International desk: French President Emmanuel Macron will lead an urgent security meeting on Sunday, following a day of riots by hundreds of anti-government protesters in Paris.
A government spokesperson said a state of emergency could be imposed to tackle the unrest.
Protests over fuel tax have grown into general anger at higher living costs.
While some demonstrators have remained peaceful, others clashed violently with police and scaled the Arc de Triomphe.
More than 100 people were injured, including 23 members of the security forces, on Saturday.
Police say more than 400 people were arrested.
Mr Macron returned from the G20 summit in Argentina on Sunday morning and went straight to the Arc de Triomphe to assess the damage.
Government spokesman Benjamin Griveaux told Europe 1 radio that a state-of-emergency declaration was a possible option. “We have to think about the measures that can be taken so that these incidents don’t happen again,” he said.
Who are the protesters?
The protesters are known as the “gilets jaunes” (yellow vests), because they have taken to the streets wearing the high-visibility clothing that is required to be carried in every vehicle by French law.
Their core complaint is a hike in petrol taxes. President Macron says his motivation for the increase is environmental, but protesters call him out of touch – particularly with non-city dwellers who rely on their cars.
The protest movement has no identifiable leadership and has gained momentum via social media, encompassing a whole range of participants from the anarchist far left to the nationalist far right, and plenty of moderates in between.
Nearly 300,000 people took part in the first country-wide demonstration, on 17 November.
What happened on Saturday?
The “yellow vest” protesters rallied for a third weekend on Saturday, with Paris again the focus.
On the Champs-Elysées, police fired tear gas, stun grenades and water cannon, while masked protesters hurled projectiles and set buildings on fire.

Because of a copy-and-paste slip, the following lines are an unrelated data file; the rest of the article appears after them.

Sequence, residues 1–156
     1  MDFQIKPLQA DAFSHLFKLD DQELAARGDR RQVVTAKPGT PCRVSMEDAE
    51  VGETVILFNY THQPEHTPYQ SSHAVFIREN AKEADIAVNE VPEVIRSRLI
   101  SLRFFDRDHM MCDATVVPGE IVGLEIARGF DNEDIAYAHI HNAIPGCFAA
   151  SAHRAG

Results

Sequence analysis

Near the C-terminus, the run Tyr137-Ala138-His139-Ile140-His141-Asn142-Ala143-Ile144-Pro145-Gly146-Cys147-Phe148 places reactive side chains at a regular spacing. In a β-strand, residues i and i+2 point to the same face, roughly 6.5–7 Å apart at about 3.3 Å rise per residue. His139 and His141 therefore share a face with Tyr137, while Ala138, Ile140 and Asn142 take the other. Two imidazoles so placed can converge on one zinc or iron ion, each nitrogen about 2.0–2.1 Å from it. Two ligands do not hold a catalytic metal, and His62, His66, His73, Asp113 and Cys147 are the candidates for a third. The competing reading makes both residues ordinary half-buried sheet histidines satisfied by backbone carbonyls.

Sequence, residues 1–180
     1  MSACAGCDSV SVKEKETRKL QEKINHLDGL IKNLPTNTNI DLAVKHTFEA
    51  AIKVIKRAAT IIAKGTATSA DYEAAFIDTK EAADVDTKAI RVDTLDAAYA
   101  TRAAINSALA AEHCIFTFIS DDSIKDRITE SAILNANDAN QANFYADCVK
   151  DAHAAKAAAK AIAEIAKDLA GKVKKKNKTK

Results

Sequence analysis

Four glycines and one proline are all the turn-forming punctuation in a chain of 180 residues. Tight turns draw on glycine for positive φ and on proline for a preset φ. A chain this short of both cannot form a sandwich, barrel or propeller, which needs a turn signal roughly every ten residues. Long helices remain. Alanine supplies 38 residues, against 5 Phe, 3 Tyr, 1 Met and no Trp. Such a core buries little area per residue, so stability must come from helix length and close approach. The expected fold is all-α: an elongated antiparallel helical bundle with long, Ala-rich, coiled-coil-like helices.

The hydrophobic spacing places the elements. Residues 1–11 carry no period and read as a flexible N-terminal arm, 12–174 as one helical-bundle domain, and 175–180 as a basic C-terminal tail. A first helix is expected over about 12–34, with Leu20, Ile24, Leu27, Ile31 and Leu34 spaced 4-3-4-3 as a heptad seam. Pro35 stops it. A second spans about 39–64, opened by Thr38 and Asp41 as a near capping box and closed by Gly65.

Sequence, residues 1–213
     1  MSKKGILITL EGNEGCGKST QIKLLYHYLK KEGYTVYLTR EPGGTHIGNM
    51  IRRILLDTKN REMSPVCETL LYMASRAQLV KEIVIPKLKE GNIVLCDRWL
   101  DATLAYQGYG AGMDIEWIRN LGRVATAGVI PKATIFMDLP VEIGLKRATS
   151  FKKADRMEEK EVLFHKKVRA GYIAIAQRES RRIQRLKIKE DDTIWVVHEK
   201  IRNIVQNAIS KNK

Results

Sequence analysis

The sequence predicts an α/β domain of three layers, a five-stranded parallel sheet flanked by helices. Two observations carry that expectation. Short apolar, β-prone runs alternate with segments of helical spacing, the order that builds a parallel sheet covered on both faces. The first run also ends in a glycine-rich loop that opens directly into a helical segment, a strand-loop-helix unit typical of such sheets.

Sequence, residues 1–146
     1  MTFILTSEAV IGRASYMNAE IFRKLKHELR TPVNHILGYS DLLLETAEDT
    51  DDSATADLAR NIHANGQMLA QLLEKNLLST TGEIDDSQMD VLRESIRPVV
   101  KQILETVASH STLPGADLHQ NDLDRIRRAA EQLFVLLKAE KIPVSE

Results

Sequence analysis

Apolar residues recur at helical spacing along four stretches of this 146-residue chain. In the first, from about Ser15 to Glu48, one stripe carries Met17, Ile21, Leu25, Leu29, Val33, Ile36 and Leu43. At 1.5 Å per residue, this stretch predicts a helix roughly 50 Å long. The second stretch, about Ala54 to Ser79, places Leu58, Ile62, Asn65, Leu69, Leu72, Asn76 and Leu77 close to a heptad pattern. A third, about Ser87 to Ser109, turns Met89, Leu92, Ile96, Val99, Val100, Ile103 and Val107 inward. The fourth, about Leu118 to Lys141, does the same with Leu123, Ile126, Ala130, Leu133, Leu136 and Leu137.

Nearly 190 fires were put out and six buildings were set ablaze, the interior ministry said.
Department stores and metro stations were closed as a result of the violence.
What has President Macron said?
On Saturday, Mr Macron said the protests “had absolutely nothing to do with a peaceful demonstration of a legitimate unhappiness or discontent.”
He said those responsible did not want change, but instead intended to “wreak chaos”.
He has long maintained that his fuel policies are needed to combat global warming and has accused his political opponents of hijacking the movement in order to block his reform programme.
Earlier this week, Mr Macron tried to strike a conciliatory tone, saying he was open to ideas about how the fuel tax could be applied.
What has angered drivers?
The price of diesel, the most commonly used fuel in French cars, has risen by around 23% over the past 12 months to an average of €1.51 (£1.32; $1.71) per litre, its highest point since the early 2000s.
World oil prices did rise before falling back again but the Macron government raised its hydrocarbon tax this year by 7.6 cents per litre on diesel and 3.9 cents on petrol, as part of a campaign for cleaner cars and fuel.
The decision to impose a further increase of 6.5 cents on diesel and 2.9 cents on petrol on 1 January 2019 was seen as the final straw.